Sometimes these types of behavior are just as innocent as they seem, other times they are signs of passive-aggressive behavior. Passive-aggressiveness is a form of indirect aggression and it comes in many forms.
Passive communication is when a person tends to avoid conflicts and does not risk upsetting the people around him. This communication style results in a lose-win situation for the passive communicator and can create feelings of loss of control or victimization.
Aggressive communication is when a person uses power, manipulation, control and intimidation to get what he wants. These types of people are often disrespectful and may even be hurtful to others. This results in a win-loose situation and can create feelings of superiority.
Passive-aggressive people incorporate elements from both of the previous mentioned styles. This person tends to procrastinate, forget things, and work inefficiently. He cannot communicate directly but will behave aggressively especially if he feels he can get away with it. He often has a ton of excuses for why he can’t participate or why his work is late and often blames others for his mistakes. He also will use sarcasm, inappropriate jokes, rumor-mongering, and sniping to make his feelings known.
Indirect aggression can be stopped. The key is how you respond. The best way is with a process statement. Since indirect aggression is not usually about what is said but how it is said or how the person behaves statements about the actual behavior rather than the words being said is effective. Basically, using a well-timed process statement, you will point out the process of the incident rather than the actual words that were selected. Process statements point out the “elephant in the room” (i.e. their behavior).
Take a look at the following solutions and example process statements:
- Respond assertively. Do not imply that you approve of or agree with his behavior by failing to respond. For example, “you know I really don’t like to hear about the personal problems of other people unless that person is sharing them with me directly, it feels like gossip.”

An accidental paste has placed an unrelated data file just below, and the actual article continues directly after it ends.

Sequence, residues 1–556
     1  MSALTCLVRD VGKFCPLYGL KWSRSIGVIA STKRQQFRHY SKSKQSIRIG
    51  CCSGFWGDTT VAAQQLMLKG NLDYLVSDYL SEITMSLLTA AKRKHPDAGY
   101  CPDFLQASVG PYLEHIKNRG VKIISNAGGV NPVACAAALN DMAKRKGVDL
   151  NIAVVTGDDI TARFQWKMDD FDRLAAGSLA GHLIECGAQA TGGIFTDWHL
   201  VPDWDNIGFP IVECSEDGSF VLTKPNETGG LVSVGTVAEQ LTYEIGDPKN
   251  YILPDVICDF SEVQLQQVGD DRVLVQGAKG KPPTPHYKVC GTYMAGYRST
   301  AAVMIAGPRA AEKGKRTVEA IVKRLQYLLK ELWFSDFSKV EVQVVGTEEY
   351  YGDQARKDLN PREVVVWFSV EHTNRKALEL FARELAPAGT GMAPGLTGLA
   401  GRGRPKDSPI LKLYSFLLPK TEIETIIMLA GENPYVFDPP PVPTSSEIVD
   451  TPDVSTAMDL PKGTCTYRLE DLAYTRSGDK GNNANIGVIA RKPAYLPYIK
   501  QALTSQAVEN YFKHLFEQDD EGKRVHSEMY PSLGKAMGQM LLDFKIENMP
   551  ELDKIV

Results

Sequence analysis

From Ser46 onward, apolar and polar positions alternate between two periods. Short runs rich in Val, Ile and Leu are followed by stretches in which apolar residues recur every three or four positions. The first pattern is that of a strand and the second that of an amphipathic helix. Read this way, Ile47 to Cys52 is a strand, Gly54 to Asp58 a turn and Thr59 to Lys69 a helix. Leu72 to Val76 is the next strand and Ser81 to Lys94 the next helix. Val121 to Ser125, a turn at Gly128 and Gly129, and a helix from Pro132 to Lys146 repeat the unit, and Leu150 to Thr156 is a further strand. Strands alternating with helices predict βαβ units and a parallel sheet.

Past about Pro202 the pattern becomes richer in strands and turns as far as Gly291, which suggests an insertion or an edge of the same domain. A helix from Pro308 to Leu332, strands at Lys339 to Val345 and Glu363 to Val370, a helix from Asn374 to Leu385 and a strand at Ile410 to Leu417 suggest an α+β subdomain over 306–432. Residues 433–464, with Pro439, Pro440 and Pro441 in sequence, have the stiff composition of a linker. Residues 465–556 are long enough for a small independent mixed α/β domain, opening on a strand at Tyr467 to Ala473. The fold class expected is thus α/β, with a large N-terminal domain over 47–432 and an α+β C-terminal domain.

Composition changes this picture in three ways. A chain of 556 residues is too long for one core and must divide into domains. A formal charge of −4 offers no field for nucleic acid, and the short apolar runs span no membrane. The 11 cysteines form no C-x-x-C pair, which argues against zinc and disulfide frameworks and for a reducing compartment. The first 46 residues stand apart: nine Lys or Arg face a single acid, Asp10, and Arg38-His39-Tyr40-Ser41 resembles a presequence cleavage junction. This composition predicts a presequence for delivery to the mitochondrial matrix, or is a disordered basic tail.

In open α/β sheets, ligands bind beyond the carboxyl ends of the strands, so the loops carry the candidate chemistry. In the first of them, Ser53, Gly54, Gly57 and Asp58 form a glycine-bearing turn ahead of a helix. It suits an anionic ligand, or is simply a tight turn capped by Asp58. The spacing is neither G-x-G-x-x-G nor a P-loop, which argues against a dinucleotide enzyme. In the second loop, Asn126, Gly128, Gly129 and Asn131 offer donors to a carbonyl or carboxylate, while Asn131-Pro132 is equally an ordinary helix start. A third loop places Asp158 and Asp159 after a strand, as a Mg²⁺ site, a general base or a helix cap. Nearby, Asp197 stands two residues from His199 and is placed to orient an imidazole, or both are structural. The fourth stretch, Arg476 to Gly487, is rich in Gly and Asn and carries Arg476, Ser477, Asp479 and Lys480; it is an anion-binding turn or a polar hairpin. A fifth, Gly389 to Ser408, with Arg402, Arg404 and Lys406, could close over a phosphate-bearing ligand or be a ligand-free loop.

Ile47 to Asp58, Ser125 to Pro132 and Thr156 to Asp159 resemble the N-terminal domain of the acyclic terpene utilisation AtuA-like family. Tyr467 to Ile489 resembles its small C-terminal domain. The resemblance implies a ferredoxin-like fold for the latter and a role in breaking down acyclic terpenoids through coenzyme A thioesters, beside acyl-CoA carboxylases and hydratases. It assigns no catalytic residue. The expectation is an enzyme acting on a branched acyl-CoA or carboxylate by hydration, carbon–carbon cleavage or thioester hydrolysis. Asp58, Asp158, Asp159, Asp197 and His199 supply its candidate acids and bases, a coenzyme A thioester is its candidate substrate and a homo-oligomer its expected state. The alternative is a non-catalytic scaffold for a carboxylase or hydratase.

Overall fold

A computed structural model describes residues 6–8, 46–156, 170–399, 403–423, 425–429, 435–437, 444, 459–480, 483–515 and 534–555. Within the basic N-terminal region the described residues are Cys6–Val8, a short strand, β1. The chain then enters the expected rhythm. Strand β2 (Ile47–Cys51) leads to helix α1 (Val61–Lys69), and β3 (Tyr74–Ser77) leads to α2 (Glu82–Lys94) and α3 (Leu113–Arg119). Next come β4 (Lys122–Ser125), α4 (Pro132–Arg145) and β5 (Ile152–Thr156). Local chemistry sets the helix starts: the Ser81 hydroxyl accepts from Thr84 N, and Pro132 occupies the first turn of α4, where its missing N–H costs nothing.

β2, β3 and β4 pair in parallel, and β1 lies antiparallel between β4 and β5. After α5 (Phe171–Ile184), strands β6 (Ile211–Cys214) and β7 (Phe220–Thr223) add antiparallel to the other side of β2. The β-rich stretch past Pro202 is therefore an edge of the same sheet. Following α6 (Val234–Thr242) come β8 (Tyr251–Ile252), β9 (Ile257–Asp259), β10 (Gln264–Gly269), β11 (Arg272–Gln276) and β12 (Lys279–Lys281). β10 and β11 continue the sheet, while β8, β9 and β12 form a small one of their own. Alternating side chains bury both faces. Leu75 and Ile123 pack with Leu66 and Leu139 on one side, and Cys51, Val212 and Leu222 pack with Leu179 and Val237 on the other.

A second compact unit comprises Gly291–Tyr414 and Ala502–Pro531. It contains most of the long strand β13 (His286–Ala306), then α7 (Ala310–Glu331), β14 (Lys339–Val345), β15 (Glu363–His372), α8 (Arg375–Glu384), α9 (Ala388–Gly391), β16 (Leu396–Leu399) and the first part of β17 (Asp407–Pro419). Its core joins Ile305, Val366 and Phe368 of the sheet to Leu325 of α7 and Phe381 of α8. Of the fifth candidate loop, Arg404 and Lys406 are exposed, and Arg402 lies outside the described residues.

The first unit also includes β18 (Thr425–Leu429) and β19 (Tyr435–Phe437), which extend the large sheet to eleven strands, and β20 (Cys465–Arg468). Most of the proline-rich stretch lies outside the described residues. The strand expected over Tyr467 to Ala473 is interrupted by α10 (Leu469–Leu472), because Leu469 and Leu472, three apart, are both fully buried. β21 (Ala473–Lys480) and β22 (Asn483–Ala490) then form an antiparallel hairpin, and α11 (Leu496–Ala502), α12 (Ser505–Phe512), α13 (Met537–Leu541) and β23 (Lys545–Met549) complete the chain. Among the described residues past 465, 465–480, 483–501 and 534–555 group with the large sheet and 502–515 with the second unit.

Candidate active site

- Communicate your confusion about the mixed messages that they are sending. For example, try saying something like, “that sounded sarcastic, is that the way you really feel?” or “wow, that sounded like a gibe, was it?”
- Ask questions about the true motivation for their behavior. For example, “I just noticed that this is the second time today you have made a joke about Jerry, is that because you are having trouble communicating how frustrated you are with him?”
- Pay more attention to what they do than to what they say. For example, notice if they often walk away from the group whenever a certain person approaches, if they cut certain people off midsentence more than others, or if they frequently speak for other people when a question is directed at that other party. If you can, make a statement about it. For example, “you may not realize this but you seem to interrupt Julie quite a bit, could you try to be aware of that next time she is speaking?”
- Hold them accountable for results. For example, “you know I’ve noticed this is the 5th month in a row you’ve been late in filing your reports, we really need to have these on time, if that is something you can’t manage right now we can give that duty to someone else.”
- Call them on their lies, gently. For example, “I could have sworn you posted that your kids were sick again so you couldn’t make it to our park cleanup last weekend, now you are saying that you were at a conference that weekend instead; am I confused?”
approval of their behavior and they may be confused by your (perceived) sudden betrayal when you begin using process statements to point out their behavior. However, if you let them know that you will not be manipulated or allow others in the group to be manipulated, you can stop passive-aggressive behavior in your Grove.
You may have to repeat these techniques several times before they take root. You may also have to deal with fallout if the passive-aggressive person is also an antagonist (which they more than often will be).
Always make your process statements with witnesses around; passive-aggressive people are likely to deny an incident or to blow it out of proportion. Do not respond to passive-aggressive behavior with more passive-aggressive behavior, and stay calm if they get upset or become more aggressive. Also, keep written records of any communications you have with passive-aggressive people; they often embellish past events and their memories are not always accurate; having facts on hand can help refute their statements.
Remember, that all people behave this way at some point. While you can use these tactics with people who only do it occasionally, it is far more effective with those who do it habitually. Also, be aware that sometimes a person who is routinely late actually has valid reasons, or perhaps suffers from ADHD or other condition that affects him in matters of timeliness. Other people who appear to make snarky comments on a regular basis just enjoy sarcasm and really don’t mean anything by it. While the person who leaves the group whenever a certain individual joins it may simply have an issue with that individual’s body odor. Using questions to clarify your observations might provide them with the opportunity to share what is affecting their behavior and give you a chance to help them.
The upside to facing a passive-aggressive person is that others will become brave and follow suit. You can create a drama-free culture in your Grove by modeling appropriate conflict and encouraging others to follow suit. Other passive-aggressive people in your Grove will recognize that their behavior is not tolerated and modify their behavior or leave; and your Grove members will have a safe haven to honor the Kindred together.